(Reuters) - A former analyst for hedge fund Two Sigma Investments LLC was indicted in New York on Tuesday on state charges he stole information about the fund’s confidential computer trading models.
Kang Gao, a Chinese national who worked as an analyst for the fund, was indicted on 11 felony counts related to the theft and copying of secret information about the hedge fund’s trading methods, according to an indictment released by Manhattan District Attorney Cyrus Vance.
Gao has pleaded not guilty. His attorney, Benjamin Yu, did not return a request for comment.
“The protection of trade secrets, such as computer source codes and trading methods, is critical to building and maintaining financial expertise,” Vance said in a statement.
Gao, 29, was hired in 2010 as a quantitative analyst for Two Sigma, prosecutors said. Between August and January, Gao remotely accessed computers at Two Sigma Investments and emailed himself documents describing the fund’s computer trading models, according to the indictment.
Gao’s employment contract prohibited him from viewing the trading models, prosecutors said.
Gao also is facing a civil lawsuit brought by Two Sigma, in which the hedge fund claims he planned to sell the allegedly stolen data or use it to start his own trading firm. The suit, which was brought in Manhattan state court, claims Gao made nearly $550,000, including bonuses, working for the firm in 2013.
Two Sigma says in the lawsuit it fired Gao in February when it learned that he had accessed confidential trading models.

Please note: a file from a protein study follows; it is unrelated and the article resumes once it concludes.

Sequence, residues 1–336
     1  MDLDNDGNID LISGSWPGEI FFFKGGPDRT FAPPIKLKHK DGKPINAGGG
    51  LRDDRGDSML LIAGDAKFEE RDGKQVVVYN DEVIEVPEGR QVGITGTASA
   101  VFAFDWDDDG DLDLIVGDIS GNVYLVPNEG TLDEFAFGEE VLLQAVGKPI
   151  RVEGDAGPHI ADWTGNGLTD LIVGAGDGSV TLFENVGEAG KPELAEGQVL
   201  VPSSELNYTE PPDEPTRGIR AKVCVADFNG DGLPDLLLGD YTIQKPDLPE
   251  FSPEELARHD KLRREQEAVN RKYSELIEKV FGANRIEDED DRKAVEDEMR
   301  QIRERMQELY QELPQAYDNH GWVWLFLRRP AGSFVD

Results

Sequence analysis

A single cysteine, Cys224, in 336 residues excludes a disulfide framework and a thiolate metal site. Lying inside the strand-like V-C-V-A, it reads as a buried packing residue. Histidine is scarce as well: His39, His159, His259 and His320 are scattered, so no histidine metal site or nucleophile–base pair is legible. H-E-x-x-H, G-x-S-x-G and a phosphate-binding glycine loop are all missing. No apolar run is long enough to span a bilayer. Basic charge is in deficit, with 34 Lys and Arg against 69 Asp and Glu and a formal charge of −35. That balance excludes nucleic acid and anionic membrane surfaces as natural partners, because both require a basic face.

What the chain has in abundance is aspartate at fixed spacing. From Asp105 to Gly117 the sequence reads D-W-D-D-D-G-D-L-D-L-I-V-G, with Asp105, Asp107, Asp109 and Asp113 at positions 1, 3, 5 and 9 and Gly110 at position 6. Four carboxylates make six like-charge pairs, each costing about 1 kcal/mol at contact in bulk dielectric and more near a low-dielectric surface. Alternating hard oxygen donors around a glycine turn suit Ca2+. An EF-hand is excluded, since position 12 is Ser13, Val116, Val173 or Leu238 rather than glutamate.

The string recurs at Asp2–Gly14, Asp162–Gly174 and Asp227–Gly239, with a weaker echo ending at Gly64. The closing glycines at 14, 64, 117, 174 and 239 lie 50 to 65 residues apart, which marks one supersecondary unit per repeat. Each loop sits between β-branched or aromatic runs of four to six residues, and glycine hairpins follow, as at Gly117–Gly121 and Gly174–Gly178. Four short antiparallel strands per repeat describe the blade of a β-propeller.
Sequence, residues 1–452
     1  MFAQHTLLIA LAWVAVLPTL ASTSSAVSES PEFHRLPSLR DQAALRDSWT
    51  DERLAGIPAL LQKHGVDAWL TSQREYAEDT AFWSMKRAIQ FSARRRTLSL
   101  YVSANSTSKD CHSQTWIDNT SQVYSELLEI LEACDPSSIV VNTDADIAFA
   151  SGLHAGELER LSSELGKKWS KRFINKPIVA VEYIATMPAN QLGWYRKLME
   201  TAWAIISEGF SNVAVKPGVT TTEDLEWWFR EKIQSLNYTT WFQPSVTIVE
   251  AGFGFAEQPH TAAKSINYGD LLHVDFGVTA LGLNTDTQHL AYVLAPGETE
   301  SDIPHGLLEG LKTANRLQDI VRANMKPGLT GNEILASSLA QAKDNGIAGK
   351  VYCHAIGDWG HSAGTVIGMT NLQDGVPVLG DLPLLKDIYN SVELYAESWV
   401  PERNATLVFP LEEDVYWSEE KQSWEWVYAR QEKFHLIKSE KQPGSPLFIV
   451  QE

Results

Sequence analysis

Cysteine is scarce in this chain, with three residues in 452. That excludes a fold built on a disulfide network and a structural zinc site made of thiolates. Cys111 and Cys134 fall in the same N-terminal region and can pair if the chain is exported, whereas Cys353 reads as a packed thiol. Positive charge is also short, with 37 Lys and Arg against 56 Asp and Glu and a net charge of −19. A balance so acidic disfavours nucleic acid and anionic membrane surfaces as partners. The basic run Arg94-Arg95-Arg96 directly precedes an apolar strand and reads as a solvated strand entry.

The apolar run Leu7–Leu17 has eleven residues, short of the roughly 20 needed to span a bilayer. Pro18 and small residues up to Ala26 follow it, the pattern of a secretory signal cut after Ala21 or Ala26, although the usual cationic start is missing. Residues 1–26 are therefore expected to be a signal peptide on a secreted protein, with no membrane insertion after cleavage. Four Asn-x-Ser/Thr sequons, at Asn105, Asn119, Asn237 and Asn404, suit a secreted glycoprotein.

Two Sigma Investments was formed in 2001 and manages about $14 billion, according to the lawsuit. It specializes in quantitative trading, in which firms use sophisticated and highly confidential modeling programs to find patterns within financial data.
Fund spokeswoman Kelly Howard said: “Two Sigma takes the protection of our intellectual property very seriously. We became aware of potential felony criminal activity of an employee, promptly informed the Manhattan District Attorney and terminated his employment.”
Gao’s case is the latest bid by Vance to crack down on high-tech white-collar crime. He has called existing laws outdated, saying the penalties for cybercrimes do not match the harm.
In 2012, a federal appeals court overturned the conviction of Sergey Aleynikov, a computer programmer who was charged by federal prosecutors with stealing computer code from Goldman Sachs. The court found that computer code was not a “stolen good” under federal law. Months later, Vance’s office charged Aleynikov under state law with the same crimes for which Gao was indicted on Tuesday. Aleynikov has pleaded not guilty.
Reporting by Daniel Wiessner; Editing by Noeleen Walder, Phil Berlowitz and Andre Grenon